Selected Poems of Oscar Wilde
Author: Oscar Wilde
Selected Poems of Oscar Wilde, published posthumously in 1911, contains 17 poems by Wilde and offers a curated journey through the lyrical genius of one of the 19th century’s most enigmatic and brilliant writers. Oscar Wilde, best known for his sharp wit and flamboyant style, was not just a playwright and novelist, but also a poet who traversed themes of love, loss, beauty, and the human condition.
1. Selected Poems of Oscar Wilde Summary
Below are some poems from Selected Poems of Oscar Wilde:
1.1. Ave Imperatrix
The poem paints a vivid picture of England’s vast imperial reach, highlighting its control over many lands, from the seas of the North to the Himalayan heights and beyond. England is portrayed as a dominant force, with her influence felt from Samarcand to Cabool. However, this dominance comes at a high price, as many Englishmen have fallen in foreign lands. These men are mourned by their loved ones back home, symbolizing the sacrifices of a vast empire. Despite the losses, the poem concludes with a note of hope, suggesting that out of these struggles, a new “young Republic” will rise. This suggests a change, possibly an evolution or transformation, after the era of war and conquest.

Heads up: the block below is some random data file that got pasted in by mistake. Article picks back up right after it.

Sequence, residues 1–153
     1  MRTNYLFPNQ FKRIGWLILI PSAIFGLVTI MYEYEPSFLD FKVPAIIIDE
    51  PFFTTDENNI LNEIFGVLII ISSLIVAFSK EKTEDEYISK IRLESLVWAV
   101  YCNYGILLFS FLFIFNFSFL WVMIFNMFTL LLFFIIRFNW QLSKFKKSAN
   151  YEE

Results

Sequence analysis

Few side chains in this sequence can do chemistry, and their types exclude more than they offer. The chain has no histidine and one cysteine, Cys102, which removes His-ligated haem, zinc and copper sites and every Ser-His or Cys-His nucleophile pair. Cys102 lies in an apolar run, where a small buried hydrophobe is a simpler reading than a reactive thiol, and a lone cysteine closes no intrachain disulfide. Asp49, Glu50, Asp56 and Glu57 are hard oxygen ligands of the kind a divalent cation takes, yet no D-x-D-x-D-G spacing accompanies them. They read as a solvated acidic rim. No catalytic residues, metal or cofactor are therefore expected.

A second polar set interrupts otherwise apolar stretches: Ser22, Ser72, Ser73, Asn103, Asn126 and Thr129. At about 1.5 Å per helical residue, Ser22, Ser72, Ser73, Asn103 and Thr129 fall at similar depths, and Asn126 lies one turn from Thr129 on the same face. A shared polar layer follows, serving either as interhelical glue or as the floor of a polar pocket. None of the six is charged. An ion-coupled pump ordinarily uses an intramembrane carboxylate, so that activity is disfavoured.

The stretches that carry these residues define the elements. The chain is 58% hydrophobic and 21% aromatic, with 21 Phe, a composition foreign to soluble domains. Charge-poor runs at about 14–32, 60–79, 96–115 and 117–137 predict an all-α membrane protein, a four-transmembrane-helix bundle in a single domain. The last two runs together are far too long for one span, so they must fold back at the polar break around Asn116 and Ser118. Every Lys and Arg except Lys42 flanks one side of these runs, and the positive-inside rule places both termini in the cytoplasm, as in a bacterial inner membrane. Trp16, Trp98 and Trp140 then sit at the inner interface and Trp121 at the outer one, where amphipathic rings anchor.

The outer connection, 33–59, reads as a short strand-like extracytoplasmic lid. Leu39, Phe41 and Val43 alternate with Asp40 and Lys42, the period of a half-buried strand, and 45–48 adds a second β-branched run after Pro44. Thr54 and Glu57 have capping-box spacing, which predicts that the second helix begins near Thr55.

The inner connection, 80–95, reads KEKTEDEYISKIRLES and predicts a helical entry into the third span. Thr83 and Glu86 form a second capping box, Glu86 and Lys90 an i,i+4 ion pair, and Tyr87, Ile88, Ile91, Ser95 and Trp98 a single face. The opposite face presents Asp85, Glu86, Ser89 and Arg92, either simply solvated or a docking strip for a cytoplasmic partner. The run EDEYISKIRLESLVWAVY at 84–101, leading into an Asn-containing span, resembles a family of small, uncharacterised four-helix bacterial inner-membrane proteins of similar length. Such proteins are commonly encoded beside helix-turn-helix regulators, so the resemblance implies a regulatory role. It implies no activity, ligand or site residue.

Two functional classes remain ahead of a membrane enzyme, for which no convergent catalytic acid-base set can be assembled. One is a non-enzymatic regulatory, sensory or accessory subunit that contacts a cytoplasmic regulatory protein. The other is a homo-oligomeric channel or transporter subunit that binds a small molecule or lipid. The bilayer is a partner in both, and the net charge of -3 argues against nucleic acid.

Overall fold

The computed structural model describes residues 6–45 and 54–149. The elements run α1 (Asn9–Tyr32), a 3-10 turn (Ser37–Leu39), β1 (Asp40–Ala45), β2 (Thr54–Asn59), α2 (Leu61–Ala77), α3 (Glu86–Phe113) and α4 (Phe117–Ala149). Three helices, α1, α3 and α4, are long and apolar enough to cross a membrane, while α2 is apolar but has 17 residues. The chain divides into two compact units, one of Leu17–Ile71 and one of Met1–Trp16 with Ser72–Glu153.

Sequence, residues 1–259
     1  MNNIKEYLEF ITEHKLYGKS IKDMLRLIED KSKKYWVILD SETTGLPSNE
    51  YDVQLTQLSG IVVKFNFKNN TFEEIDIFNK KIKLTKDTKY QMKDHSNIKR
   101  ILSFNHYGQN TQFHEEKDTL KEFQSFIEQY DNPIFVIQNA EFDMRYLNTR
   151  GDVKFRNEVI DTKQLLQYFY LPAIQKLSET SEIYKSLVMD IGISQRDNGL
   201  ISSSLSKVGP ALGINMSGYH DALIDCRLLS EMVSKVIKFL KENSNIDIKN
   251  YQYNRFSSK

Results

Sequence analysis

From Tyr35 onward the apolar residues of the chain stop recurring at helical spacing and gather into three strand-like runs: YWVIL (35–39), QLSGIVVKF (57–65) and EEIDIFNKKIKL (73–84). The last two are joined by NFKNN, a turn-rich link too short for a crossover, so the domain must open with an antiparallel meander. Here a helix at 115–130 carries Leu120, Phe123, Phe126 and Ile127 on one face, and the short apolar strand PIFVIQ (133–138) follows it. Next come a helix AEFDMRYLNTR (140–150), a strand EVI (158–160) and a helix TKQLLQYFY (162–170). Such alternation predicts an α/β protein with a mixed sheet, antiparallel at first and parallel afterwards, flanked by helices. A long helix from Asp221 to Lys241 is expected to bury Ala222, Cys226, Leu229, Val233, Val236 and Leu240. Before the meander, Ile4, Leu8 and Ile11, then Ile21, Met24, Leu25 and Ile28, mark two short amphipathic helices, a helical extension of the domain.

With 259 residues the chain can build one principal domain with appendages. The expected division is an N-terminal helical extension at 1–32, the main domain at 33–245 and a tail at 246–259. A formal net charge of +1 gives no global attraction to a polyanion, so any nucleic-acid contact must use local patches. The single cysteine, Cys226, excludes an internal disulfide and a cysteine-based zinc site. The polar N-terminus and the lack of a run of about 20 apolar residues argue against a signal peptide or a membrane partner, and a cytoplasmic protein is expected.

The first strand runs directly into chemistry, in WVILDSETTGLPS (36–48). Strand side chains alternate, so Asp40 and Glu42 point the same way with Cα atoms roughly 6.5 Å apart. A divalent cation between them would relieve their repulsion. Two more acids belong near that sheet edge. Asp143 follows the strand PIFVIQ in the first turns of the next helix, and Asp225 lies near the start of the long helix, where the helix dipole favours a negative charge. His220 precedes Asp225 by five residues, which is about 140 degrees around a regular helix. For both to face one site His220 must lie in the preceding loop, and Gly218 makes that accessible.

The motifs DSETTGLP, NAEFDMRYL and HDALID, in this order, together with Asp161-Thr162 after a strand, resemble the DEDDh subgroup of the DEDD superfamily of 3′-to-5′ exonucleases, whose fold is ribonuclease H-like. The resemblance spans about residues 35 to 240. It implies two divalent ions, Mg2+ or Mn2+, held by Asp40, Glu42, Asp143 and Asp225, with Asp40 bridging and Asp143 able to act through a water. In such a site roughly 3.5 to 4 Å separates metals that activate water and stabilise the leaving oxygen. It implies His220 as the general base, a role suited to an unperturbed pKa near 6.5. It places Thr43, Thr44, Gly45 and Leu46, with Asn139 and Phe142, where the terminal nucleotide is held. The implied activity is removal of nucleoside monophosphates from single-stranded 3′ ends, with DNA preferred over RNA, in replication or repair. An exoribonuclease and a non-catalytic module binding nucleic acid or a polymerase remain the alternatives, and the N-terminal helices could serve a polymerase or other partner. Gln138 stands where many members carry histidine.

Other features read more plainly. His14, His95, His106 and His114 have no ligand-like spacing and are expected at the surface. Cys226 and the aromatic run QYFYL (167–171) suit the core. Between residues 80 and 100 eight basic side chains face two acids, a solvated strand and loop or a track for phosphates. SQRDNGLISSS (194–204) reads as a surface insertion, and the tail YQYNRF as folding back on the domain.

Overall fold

1.2. To My Wife (with a copy of my poems)
In a poem where Wilde humbly refrains from grand introductions, he suggests that even if a single line resonates with the reader, love will carry its beauty to them. During difficult times, the poem will serve as a reminder of better days, and the reader will find solace in its message.
1.3. Magdalen Walks
The poem vividly captures the essence of Spring. White clouds move swiftly across the sky, while fields are adorned with the golden flowers of March. Birds, especially the thrush and the lark, are active and joyful, signaling the season’s rejuvenation. The morning air carries the fresh scent of wet grass and freshly turned soil, indicating recent rainfall and the promise of new growth. The woods are abuzz with the sounds of nature, and various flowers, like the rose-bud and crocus, bloom vibrantly. Trees, such as the plane and the pine, seem to communicate stories of love, and the imagery of a kingfisher emphasizes the vitality and movement inherent in this season.
1.4. Theocritus—a Villanelle
The poem addresses the “singer of Persephone,” repeatedly inquiring if they remember Sicily. References to various characters and scenes evoke memories of the island, from the ivy-covered meadows to the shores where Polypheme mourns. Other characters, such as Simætha, Daphnis, and Lacon, are invoked to further anchor the setting in Sicilian lore and tradition. The repetitive refrain emphasizes a deep longing and connection to the past, specifically to Sicily.
For those enchanted by the poetic genius of Oscar Wilde, you can check out the Selected Poems of Oscar Wilde online. Dive into a curated collection of Wilde’s most evocative verses and experience his literary brilliance firsthand.